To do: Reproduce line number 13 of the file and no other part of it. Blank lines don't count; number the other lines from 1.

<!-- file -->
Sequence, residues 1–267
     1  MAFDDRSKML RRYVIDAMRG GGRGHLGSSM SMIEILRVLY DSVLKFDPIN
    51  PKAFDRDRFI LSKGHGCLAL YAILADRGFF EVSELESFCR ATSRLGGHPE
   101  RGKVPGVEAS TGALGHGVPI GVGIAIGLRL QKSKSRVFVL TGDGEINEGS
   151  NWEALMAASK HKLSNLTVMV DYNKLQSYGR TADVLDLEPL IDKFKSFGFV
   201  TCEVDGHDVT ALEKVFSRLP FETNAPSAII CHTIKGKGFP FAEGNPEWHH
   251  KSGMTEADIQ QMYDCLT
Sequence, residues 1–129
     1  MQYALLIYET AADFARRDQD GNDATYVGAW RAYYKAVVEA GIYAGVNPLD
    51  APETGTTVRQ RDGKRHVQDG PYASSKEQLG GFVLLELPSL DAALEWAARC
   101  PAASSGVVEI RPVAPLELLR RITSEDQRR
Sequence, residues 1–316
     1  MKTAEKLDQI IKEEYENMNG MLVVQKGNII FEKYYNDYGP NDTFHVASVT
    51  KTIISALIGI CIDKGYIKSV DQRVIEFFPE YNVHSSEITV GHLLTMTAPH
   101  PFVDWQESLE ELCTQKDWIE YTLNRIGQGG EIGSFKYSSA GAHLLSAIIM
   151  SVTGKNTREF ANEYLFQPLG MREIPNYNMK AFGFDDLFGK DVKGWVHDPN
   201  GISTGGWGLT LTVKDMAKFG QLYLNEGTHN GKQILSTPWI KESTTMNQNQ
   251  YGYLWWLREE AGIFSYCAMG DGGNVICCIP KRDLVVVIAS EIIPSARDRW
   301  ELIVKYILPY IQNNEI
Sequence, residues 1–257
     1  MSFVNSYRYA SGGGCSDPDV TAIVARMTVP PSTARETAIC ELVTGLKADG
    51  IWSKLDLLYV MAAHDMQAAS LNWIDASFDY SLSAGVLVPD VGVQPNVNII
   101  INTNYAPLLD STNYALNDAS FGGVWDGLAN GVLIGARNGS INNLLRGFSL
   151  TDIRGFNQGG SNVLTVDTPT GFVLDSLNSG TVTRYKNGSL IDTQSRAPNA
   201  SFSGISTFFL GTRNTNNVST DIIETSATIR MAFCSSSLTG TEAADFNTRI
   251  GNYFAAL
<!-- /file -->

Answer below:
     1  MKTAEKLDQI IKEEYENMNG MLVVQKGNII FEKYYNDYGP NDTFHVASVT